Indie Authors Can Succeed: What Terri Did And How You Can Do It, Too – Part 1

This post, by Novel Publicity President Emlyn Chand and author Terri Giuliano Long, originally appeared on Novel Publicity on 8/24/11.

What does it take to be successful as an author? How can one go from simply dreaming a dream to living its reality? Is there any hope for all of the starving wordsmiths of the world?

Why, yes. There most assuredly is.
Terri Giuliano Long: A Case Study

To prove this point to all of the starry-eyed optimists and cynical nay-sayers, allow me to present a case study. It’s no secret that Novel Publicity has been working with literary fiction author Terri Giuliano Long almost since we opened our web portal to business back in March 2011.

Terri published her first novel, In Leah’s Wake, in October 2010. She put in a lot of hard work and hard-earned cash to promote it, and by July 26th, 2011, she had sold her 1,000th copy. A milestone few authors ever reach, indie or not.

1,000 copies—that’s really exciting. But what’s even more exciting is what happened next. It took nine months to sell those 1,000 copies, and only another twenty-nine days to sell 1,000 more. Now Terri’s sales are above 100 per day and show no signs of sinking. Is it fair to say she’s made it?

I think so.

Now that we’ve laid the framework to show that, yes, an indie author can achieve at least a modicum of commercial success, let’s move forward and answer the more pertinent question and get to the real reason you’re reading this blog post anyway: how did she do it?

Perhaps more accurately phrased as: how can you do it?

Let’s explore this question chronologically. Along the way, we’ll discuss what Terri did that was right-on and what she could have done better to give you the chance to learn from both her mistakes and her triumphs.
Write the best book you can.

Not the best book in the entire history of humanity. Just the best one you can possibly write. Give it the time to take root and really grow. Don’t rush to meet a deadline. Don’t try to conform to what’s popular or what somebody else expects. Respect your artistic vision and respect the English language. That’s step one.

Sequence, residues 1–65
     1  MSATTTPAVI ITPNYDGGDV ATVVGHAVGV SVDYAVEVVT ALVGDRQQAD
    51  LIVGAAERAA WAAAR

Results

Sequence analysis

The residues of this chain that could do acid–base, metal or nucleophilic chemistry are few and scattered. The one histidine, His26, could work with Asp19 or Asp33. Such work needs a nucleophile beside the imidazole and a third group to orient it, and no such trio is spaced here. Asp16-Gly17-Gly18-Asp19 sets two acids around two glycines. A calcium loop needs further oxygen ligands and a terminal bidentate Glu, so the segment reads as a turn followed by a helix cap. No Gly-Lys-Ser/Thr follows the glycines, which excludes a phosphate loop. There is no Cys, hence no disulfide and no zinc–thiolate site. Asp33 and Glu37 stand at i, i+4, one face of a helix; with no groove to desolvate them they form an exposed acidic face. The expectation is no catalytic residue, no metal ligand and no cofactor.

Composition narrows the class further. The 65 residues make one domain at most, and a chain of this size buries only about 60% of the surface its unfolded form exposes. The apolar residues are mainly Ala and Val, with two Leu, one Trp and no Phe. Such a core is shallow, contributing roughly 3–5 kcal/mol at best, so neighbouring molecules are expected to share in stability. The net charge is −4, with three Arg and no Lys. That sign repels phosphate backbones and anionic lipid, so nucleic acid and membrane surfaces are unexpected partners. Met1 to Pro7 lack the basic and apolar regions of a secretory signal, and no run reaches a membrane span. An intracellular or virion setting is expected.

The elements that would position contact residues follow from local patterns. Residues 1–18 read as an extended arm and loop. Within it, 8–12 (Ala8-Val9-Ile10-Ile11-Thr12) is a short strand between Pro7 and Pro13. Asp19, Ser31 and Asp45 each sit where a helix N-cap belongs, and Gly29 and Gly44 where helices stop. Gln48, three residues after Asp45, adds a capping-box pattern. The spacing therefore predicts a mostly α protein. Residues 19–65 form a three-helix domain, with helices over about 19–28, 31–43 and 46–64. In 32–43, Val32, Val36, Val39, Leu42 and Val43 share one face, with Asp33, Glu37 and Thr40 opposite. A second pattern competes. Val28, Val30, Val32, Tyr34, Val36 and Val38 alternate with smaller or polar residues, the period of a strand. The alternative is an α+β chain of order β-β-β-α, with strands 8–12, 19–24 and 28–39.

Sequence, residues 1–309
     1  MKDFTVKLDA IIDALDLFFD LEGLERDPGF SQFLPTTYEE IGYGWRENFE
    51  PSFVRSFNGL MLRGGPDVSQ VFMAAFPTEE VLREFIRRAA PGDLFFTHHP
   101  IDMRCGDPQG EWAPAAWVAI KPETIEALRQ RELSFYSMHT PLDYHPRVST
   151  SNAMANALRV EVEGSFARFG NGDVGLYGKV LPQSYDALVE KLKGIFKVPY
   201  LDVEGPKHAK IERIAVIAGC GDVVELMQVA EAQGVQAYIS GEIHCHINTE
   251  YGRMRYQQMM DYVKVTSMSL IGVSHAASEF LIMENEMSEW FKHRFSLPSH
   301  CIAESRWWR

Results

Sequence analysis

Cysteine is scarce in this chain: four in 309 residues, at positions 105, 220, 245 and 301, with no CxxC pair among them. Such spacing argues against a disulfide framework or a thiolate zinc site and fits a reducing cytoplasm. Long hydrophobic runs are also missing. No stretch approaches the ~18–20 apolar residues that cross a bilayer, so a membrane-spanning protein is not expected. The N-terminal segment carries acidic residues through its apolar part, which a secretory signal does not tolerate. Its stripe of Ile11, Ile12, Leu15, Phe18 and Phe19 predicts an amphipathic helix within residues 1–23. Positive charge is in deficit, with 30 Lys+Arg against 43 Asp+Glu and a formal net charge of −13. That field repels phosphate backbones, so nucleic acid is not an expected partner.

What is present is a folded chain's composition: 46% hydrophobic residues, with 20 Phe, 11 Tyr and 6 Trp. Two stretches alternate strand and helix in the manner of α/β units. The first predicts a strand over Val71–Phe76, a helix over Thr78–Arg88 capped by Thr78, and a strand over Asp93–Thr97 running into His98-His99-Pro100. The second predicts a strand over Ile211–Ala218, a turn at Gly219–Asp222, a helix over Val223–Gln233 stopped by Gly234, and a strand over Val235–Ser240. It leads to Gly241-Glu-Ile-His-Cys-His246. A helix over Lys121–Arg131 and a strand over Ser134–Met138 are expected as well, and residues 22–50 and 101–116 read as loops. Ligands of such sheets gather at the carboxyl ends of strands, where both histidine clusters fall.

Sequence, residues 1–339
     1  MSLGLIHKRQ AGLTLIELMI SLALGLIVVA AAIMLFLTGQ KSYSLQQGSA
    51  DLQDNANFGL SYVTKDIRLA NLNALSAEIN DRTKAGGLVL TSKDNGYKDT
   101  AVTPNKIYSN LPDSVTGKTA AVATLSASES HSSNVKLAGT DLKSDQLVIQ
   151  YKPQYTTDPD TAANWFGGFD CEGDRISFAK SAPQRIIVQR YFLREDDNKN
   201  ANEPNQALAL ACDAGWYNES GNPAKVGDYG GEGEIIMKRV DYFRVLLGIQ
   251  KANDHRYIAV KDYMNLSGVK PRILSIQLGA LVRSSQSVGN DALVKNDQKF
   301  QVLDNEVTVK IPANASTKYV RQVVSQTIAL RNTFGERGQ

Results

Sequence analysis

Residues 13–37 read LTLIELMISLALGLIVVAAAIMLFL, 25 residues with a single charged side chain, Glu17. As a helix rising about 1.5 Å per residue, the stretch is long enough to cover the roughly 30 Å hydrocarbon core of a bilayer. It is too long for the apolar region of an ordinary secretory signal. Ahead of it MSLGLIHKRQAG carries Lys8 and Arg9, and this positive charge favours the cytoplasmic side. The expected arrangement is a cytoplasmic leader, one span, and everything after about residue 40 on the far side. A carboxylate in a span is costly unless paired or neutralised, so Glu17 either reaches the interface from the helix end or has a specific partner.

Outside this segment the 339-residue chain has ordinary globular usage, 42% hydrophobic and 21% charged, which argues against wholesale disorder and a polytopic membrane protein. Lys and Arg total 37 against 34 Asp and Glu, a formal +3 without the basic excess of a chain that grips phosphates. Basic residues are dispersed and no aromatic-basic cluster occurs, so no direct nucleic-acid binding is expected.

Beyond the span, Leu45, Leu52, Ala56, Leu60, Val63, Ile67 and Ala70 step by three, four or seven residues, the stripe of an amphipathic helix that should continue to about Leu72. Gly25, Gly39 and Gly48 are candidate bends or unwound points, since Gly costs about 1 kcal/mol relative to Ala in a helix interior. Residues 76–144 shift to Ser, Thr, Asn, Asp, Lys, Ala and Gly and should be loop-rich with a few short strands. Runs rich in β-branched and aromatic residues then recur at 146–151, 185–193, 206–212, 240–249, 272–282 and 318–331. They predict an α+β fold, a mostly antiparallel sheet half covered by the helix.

What Terri did…

I wrote the first draft as my graduate thesis – the entire first draft in three months. It was terrible, of course – awful writing, a lot of summary, lacking story development. I then spent about four years – while teaching and doing other writing- revising. I started from scratch, meaning I didn’t cut and paste; I started from a blank page and retyped the entire manuscript. This is important because it helps you see the novel with new eyes. I replaced summary with scene, created new scenes, developed characters. There is a lot of drug-related information in the novel. To get it right, I had to research. I also researched protocol on runaway teens, and I looked up information on construction practices, economics and so on. I then looked at thematic issues – this is a story about community and connection. Once I realized this, I worked to develop and pull the themes forward. I always read my work aloud, so tend to edit for style (vocabulary, syntax, etc.) as I write; while I did polish, I didn’t feel a need to style-edit the entire novel.

Package the book in a way that will appeal to readers.

This means, for the love of all that is holy, please PLEASE hire a professional editor. Yes, it’s expensive. Yes, readers will notice if your formatting or your punctuation is off. You can’t cut corners if you want to be taken seriously. And this goes beyond the editing.

You also need to present an attractive exterior—I’m talking about your book cover. Saying this goes against that cliché moral code of not judging a book by its cover, but people can and will judge your beloved novel in this way. Don’t give anyone the chance to discount your book for such a superficial reason. Cover your bases.

What Terri did…


Read the rest of the post, which includes four more strategies, on Novel Publicity. Also see Part 2, on the same site.